The moon is waning. The morning stars are Neptune, Uranus and Pluto. The evening stars are Venus, Mercury, Jupiter, Mars and Saturn.
Those born on this date are under the sign of Pisces. They include Plymouth Colony Gov. William Bradford in 1589; Scottish explorer of Africa David Livingstone in 1813; Marshal Wyatt Earp in 1848; jurist William Jennings Bryan in 1860; Chief Justice Earl Warren in 1891; "Watergate" Judge John Sirica in 1904; actor Patrick McGoohan in 1928 (age 76); author Philip Roth in 1933 (age 71); and actors Ursula Andress in 1936 (age 68), Glenn Close in 1947 (age 57), and Bruce Willis in 1955 (age 49).
On this date in history:
In 721 B.C., according to the Roman historian Ptolemy, Babylonian astronomers noted history's first recorded eclipse: an eclipse of the moon.
In 1916, the first U.S. air combat mission in history saw eight Curtiss "Jenny" planes of the First Aero Squadron take off from Columbus, N.M., to aid troops that had invaded Mexico in pursuit of the bandit Pancho Villa.
In 1918, Congress passed the Standard Time Act, which authorized the Interstate Commerce Commission to establish standard time zones in the United States.
In 1920, the Treaty of Versailles, establishing the League of Nations, was rejected by the U.S. Senate.
In 1931, in an effort to ease the hard times of the Great Depression, the Nevada state legislature voted to legalist gambling.
In 1942, with World War II under way, all men in the United States between the ages of 45 and 64, about 13 million, were ordered to register with the draft boards for non-military duty.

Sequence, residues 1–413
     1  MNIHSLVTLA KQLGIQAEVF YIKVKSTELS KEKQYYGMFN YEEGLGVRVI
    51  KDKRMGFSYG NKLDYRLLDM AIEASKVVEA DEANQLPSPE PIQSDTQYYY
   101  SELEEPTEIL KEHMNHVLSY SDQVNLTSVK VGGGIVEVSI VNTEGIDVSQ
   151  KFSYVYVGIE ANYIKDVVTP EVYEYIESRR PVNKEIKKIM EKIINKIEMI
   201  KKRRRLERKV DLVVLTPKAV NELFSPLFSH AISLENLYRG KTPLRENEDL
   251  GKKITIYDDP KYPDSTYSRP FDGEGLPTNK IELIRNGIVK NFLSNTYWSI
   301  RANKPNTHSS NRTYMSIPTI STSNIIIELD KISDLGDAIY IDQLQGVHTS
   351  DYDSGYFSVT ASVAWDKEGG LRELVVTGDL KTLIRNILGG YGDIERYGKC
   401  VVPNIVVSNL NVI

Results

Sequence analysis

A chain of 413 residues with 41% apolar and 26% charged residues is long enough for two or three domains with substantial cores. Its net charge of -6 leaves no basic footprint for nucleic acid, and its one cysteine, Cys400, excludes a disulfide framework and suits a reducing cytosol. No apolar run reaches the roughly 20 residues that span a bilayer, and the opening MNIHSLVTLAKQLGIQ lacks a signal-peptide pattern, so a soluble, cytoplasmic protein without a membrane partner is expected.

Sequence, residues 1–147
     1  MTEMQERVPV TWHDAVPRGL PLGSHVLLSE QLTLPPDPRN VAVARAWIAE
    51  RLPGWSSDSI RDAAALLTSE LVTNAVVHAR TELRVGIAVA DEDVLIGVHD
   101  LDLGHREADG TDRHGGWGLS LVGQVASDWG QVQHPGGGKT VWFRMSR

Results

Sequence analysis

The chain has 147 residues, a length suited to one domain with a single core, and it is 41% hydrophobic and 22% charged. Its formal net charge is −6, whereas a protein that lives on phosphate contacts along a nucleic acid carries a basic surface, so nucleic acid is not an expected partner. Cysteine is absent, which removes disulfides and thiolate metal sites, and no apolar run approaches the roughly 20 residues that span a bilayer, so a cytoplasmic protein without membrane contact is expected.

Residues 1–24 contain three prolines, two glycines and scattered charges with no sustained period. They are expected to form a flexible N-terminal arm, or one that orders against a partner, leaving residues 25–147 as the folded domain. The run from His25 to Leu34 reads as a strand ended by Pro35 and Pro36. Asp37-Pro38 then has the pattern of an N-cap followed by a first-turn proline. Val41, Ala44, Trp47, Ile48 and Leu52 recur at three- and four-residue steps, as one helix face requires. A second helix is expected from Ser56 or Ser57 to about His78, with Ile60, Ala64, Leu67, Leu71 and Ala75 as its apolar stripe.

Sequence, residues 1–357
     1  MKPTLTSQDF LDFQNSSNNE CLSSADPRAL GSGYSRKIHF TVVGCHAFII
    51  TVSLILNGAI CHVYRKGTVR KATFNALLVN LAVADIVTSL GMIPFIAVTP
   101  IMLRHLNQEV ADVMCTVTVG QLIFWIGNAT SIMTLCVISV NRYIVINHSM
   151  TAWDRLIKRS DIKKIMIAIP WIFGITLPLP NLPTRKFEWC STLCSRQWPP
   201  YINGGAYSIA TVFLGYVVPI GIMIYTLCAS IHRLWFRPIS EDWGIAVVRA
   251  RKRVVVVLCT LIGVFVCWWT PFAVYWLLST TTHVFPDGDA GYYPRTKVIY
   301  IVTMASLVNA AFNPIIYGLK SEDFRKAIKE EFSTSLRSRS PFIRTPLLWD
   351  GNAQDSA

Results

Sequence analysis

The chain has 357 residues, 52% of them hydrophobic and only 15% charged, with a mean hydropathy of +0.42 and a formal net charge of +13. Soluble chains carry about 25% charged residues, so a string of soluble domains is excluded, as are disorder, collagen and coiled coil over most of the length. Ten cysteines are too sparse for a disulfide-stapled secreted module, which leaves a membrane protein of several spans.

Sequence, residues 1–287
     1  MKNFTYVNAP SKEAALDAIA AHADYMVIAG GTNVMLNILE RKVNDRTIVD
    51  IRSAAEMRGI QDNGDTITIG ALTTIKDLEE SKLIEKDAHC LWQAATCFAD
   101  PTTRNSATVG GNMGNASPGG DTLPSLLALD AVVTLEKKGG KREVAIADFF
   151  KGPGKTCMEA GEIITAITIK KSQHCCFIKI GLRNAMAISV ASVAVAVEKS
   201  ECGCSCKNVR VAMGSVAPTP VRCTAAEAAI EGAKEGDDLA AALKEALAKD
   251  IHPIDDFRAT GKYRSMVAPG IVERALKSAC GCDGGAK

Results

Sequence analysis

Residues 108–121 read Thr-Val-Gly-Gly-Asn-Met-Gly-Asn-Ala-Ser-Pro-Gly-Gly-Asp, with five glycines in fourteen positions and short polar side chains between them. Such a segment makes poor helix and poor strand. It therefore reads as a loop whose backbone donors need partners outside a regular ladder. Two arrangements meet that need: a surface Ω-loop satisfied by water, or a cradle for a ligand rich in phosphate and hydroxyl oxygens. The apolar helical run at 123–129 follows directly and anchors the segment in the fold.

In 1953, legendary filmmaker Cecil B. DeMille won the only Academy Award of his career when "The Greatest Show on Earth," a big budget extravaganza about circus life, won an Oscar for Best Picture of the year.
In 1987, South Carolina televangelist Jim Bakker resigned as head of the PTL Club, saying he was blackmailed after a sexual encounter with former church secretary Jessica Hahn.
In 1991, Khaleda Zia became the first woman prime minister of Bangladesh.
In 1993, Justice Byron White, the lone remaining member of the U.S. Supreme Court appointed by a Democrat, announced he would retire, opening the way for President Clinton to make his first high judicial nomination.
Also in 1993, a high school in the Los Angeles suburb of Lakewood, Calif., was rocked by the arrests of eight youths, allegedly members of a gang that raped and molested girls as part of a game.
And in 1993, federal bankruptcy judge confirmed Abraham Hirschfeld, described by his own staff as a "nut," as the buyer of the New York Post.
In 1997, a federal judge in Phoenix, Ariz., began sentencing 10 members of a paramilitary group to prison after they pleaded guilty to various counts, including conspiracy to make and possess destructive devices.
Also in 1997, President Clinton nominated acting CIA director George Tenet to head the agency.
In 2002, Israel completed its army's pullout of the West Bank by leaving Bethlehem, one day after Israeli Prime Minister Arial Sharon met with U.S. Vice President Dick Cheney. The following day a suicide bomber killed seven Israelis on a bus.
In 2003, The U.S.-led military offensive aimed at removing Saddam Hussein from power invaded Iraq with a nighttime assault of about 40 Tomahawk cruise missiles fired at Baghdad.
Also in 2003, the U.S. Senate rejected a proposal supported by the Bush administration to allow drilling for oil in the Alaska National Wildlife Refuge.
A thought for the day: William Jennings Bryan said, "Destiny is not a matter of chance, it is a matter of choice; it is not a thing to be waited for, it is a thing to be achieved."